Mandy Roth has been in the financial crime space for 6 1/2 years, bringing to bear a powerful combination of a strong legal background as an attorney to parse out and understand the nuances of laws, regulations, rules and guidance with the practical experience of implementing and remediating compliance and sanctions programs at some of the world’s largest banks.

Roth has 13 years of law practice experience, with a specialty in securities regulation and securities fraud, and more than seven years of Financial Crime and Regulatory Compliance (FCRC) expertise at Hong Kong Shanghai Banking Corporation (HSBC) and Wells Fargo. 

Key accomplishments include:

  • Quality coaching: Training & coaching hundreds of AML & OFAC Sanctions Investigators and Quality Assurance Specialists.
  • Authoritative assurance: Authoring policies and procedures for numerous FCRC units, including AML & OFAC Investigations, Reporting and SAR Writing Teams and the Quality Assurance function within AML, OFAC and Reporting.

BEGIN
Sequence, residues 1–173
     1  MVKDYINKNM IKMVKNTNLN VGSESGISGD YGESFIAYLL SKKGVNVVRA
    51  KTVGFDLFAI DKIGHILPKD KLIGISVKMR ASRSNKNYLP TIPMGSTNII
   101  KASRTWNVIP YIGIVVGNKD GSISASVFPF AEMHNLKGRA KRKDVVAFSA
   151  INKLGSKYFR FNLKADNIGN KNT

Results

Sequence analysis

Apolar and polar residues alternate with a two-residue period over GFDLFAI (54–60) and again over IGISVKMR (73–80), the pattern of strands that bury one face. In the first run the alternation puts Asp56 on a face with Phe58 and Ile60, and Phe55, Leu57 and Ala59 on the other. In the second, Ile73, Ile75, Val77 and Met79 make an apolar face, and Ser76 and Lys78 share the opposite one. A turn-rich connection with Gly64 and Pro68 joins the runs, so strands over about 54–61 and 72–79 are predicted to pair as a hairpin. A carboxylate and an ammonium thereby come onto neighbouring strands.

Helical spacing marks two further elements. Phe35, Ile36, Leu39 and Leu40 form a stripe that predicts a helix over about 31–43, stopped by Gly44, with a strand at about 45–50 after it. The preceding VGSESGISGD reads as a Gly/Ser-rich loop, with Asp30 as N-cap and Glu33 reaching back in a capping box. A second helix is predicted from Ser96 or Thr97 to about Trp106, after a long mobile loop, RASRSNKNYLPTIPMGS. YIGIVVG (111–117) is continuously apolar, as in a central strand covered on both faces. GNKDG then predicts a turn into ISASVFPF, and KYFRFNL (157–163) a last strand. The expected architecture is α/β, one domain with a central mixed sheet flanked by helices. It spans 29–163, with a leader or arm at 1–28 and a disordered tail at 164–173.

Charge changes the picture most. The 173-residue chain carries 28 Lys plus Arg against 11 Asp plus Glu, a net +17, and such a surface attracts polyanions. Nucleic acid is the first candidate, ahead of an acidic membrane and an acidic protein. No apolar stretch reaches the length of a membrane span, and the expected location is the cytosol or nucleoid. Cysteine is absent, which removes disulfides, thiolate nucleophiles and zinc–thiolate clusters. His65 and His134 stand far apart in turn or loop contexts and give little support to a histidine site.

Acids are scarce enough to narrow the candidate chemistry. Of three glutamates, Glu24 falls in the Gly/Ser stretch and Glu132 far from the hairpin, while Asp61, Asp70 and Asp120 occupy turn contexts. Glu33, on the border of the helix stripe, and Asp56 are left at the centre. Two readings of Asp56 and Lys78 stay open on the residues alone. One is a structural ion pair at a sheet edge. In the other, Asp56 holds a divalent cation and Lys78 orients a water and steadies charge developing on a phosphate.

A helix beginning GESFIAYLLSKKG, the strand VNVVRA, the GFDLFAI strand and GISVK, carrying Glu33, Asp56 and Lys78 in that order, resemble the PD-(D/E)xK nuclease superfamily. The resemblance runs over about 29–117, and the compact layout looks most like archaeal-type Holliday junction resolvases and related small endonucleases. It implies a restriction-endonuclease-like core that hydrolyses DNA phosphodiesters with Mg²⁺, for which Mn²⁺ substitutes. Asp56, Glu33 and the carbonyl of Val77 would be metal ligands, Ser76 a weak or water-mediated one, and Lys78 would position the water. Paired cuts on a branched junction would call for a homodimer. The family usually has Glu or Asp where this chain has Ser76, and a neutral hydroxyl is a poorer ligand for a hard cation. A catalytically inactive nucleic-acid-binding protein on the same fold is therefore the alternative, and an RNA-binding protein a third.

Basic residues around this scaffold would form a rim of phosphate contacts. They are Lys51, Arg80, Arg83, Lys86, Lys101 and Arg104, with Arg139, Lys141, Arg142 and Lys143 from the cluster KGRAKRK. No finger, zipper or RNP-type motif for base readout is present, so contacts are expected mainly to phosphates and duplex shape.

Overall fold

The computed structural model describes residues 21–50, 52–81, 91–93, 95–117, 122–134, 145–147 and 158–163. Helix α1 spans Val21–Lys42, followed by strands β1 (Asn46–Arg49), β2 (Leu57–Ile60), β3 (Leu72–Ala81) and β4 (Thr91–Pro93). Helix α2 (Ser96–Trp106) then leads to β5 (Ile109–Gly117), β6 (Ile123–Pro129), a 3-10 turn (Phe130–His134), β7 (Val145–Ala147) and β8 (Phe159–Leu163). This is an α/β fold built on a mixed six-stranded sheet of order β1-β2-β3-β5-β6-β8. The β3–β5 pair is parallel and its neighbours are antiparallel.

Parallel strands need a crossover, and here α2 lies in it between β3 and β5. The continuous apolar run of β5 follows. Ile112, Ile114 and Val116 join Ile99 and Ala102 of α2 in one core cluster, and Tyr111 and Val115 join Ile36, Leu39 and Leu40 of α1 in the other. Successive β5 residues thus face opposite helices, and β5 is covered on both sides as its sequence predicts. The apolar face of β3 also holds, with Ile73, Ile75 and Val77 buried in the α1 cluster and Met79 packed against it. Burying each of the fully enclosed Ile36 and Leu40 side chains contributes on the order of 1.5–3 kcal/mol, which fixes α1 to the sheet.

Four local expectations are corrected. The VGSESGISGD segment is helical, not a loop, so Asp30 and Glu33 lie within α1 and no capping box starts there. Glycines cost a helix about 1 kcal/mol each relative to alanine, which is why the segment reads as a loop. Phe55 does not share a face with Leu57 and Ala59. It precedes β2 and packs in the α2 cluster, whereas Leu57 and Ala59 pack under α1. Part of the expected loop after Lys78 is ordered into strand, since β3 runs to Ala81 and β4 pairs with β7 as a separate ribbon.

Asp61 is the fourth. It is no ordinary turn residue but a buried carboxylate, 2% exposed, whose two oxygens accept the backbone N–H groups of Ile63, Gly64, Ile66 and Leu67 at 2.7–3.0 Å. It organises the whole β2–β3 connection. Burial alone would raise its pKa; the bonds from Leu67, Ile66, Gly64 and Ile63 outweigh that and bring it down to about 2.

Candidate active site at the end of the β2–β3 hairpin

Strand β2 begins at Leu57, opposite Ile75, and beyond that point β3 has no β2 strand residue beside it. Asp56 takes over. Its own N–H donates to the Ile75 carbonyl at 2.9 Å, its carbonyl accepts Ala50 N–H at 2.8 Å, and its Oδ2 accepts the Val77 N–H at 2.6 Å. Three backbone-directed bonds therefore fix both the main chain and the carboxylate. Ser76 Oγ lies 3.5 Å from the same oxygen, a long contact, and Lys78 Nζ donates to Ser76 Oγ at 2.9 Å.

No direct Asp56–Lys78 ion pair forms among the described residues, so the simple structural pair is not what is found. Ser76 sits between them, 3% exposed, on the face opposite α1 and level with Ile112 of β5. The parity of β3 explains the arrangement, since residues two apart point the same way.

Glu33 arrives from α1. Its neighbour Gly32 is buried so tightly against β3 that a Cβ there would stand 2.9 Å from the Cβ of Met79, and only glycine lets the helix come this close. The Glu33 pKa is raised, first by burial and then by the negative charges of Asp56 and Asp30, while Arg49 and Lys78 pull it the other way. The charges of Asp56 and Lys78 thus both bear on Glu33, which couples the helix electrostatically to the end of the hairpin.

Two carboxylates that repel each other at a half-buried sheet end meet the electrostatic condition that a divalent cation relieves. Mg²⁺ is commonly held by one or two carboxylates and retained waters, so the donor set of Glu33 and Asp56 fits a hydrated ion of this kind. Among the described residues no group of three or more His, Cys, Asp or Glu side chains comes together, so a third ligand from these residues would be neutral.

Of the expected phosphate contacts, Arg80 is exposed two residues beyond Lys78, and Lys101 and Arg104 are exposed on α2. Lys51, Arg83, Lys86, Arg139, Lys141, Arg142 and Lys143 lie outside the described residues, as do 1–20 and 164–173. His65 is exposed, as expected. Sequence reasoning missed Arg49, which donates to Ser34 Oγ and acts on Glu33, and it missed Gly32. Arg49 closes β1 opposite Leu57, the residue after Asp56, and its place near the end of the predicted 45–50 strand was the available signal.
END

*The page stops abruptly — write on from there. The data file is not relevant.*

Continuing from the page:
• Top performer: Developing and implementing solutions for performance trends and challenges. 

She is an acknowledged expert in AML/BSA and OFAC sanctions risk identification and mitigation and regularly offers insight on industry best practices and the interpretation of complex regulations.  She has published more than two dozen articles on the top issues in the financial crime and regulatory compliance space. 

With her legal background, Roth can anticipate the perspective of auditors and regulators on many aspects of the FCRC program, including governance, internal controls, policies and procedures and training.

At HSBC, she developed and drove AML & OFAC sanctions policies and procedures; supervised the performance of internal controls over AML & OFAC investigations and government reporting (SARs, OFAC Reports); and responded to audit and regulatory inquiries.